Written by Physiotherapist, Michael Tegerdine. Michael specialises in sport injuries and musculoskeletal rehabilitation.
Tennis elbow is actually more commonly diagnosed in people who don’t play racket sports, but who have occupations that involve manual loading tasks, repetition and poor posture. Tennis elbow is characterised by pain localised at the outside of the elbow / upper forearm. It affects the tendon which extends the wrist, and is often exacerbated by gripping (e.g. holding a racket). Men are more commonly affected compared to women and the average age of people being affected by tennis elbow is between 30 - 50, although it can affect anyone at any age.
What is it? Initally thought of as inflammation of the tendon, research over the last ten years has found that the inflammation phase is short-lived if it happens at all. What normally happens is that a sudden change in loading the tendon causes non-inflammatory thickening in and around the tendon. The actual pathology occurs when the player continues to load the tendon (e.g. playing with or through the pain). Over time, degenerative changes (changes in tissue) can result in micro tearing and scarring of the tissue. There may also be vascular / neural changes within the tissue, however this is beyond the scope of this article.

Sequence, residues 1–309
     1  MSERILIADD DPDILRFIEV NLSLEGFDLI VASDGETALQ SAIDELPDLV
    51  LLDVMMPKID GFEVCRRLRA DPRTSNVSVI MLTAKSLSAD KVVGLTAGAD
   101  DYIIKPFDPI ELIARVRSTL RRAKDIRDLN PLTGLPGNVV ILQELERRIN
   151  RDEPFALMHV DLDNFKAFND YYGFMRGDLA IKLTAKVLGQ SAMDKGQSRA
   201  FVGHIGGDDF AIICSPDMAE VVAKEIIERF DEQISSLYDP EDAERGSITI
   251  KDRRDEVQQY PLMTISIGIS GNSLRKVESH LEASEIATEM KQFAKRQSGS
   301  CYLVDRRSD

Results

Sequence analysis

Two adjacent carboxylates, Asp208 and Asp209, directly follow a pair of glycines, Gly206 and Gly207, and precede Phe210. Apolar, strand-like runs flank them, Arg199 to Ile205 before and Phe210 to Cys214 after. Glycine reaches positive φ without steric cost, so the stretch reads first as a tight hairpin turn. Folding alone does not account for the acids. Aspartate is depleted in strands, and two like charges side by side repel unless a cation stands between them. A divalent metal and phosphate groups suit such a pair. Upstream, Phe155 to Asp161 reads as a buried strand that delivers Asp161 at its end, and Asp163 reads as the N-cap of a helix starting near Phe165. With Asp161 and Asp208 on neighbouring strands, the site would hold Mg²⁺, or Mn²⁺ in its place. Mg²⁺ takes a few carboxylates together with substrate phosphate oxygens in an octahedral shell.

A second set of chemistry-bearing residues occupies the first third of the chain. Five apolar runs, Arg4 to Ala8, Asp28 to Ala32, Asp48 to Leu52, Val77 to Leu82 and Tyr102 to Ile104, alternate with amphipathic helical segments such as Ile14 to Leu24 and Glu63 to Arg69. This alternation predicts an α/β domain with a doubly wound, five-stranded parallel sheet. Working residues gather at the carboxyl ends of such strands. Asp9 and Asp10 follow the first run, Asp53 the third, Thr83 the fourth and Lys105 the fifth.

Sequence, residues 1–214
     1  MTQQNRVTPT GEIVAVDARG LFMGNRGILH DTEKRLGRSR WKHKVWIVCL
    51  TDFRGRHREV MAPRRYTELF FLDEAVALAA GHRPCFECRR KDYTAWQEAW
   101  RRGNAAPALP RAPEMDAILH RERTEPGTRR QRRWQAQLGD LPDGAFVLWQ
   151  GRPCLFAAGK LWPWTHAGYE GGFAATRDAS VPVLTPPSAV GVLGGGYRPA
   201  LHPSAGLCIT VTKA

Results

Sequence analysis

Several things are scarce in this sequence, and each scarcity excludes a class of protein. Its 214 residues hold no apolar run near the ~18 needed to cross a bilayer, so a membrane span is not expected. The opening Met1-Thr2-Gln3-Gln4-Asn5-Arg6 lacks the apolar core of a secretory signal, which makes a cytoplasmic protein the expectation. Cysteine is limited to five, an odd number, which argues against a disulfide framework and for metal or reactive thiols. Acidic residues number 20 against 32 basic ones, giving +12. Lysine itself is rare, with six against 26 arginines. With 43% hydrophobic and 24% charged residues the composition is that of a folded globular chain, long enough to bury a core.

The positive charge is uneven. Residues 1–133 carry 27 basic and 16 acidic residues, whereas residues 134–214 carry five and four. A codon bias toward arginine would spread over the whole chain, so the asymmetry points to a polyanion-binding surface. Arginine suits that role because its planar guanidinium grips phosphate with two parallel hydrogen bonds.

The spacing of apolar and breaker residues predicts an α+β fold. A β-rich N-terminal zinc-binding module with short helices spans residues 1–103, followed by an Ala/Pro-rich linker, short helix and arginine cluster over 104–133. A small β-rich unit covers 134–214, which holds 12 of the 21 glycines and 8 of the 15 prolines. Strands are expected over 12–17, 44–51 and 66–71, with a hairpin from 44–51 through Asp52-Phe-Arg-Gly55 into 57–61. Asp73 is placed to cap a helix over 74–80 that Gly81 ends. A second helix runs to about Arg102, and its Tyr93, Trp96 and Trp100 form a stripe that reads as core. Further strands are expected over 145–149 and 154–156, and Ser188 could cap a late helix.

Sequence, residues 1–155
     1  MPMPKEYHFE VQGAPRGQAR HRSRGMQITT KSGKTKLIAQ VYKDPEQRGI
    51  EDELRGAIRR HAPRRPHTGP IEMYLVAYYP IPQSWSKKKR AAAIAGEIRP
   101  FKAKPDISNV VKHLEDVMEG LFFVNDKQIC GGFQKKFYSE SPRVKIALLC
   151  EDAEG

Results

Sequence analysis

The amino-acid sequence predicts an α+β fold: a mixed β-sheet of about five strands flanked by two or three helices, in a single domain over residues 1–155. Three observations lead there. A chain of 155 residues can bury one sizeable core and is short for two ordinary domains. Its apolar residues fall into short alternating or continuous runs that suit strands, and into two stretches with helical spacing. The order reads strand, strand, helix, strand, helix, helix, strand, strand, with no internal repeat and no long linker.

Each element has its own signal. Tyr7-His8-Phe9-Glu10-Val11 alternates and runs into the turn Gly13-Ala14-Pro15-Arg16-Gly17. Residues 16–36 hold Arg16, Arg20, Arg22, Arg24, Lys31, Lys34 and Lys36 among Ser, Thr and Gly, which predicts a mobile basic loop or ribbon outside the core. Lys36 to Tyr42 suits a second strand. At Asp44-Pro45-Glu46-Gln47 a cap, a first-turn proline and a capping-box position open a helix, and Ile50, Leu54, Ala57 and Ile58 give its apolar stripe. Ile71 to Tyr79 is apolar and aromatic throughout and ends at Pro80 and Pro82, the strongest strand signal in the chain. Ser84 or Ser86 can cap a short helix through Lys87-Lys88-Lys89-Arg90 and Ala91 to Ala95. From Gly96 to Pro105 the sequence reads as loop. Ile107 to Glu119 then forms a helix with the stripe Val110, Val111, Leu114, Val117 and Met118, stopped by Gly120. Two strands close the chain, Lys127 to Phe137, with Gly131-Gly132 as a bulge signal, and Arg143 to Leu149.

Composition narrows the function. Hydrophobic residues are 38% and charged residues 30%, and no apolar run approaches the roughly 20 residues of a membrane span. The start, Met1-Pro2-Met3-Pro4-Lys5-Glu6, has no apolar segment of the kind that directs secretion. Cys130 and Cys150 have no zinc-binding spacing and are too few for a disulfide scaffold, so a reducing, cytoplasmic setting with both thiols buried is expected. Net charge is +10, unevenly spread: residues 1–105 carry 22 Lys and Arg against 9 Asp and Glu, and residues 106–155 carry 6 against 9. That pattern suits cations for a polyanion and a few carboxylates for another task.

How do I know if I've got it? Symptoms include a sharp or twinging pain over the tendon when returning to play. This can occur when holding the racket or hitting the ball; particularly on backhand strokes. Symptoms can present as stiffness in the morning upon waking and also be more severe following a game or 24 hours after training or a game. This is often felt as a deep ache or pain down the outside of the forearm.
Tennis Elbow and Squash players The reliance of the wrist and elbow rather than the use of the whole body in squash can cause excessive strain on the wrist tendons. Correcting technique (e.g. wrist control) or modifying the player’s movement / footwork so their body is in the optimal position to hit the ball correctly is important. This can allow for the loading of the tendon to be absorbed by the whole body, which will reduce the risk of Tennis Elbow and help manage the condition more effectively.
Additional Risk Factors
- Excessive wrist extension
- Racket type
- Grip size (too large or too small)
- String tension (too tight)
- Age (between 30 – 50) High cholesterol
- Sudden change in activity (more or less sport / work)
- Previous injury
- Muscle imbalance (weakness)
Treatment Physiotherapy can help treat Tennis Elbow, this can include:
- Activity modification
- Stretching exercise prescription
- Eccentric / Concentric strengthening programme
- Advice of sport specific warm up and cool down
- Injury prevention strategies
Steps to dealing Tennis Elbow
- Visit your GP causes rule out any non-sport causes
- Consult a physiotherapist
**Disclaimer: This article is for general information only and should not be used as a basis for diagnosis or treatment**